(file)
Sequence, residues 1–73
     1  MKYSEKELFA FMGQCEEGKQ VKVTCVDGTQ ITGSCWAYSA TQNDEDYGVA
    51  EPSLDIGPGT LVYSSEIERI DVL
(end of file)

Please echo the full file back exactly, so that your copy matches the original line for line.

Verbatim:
Sequence, residues 1–73
     1  MKYSEKELFA FMGQCEEGKQ VKVTCVDGTQ ITGSCWAYSA TQNDEDYGVA
    51  EPSLDIGPGT LVYSSEIERI DVL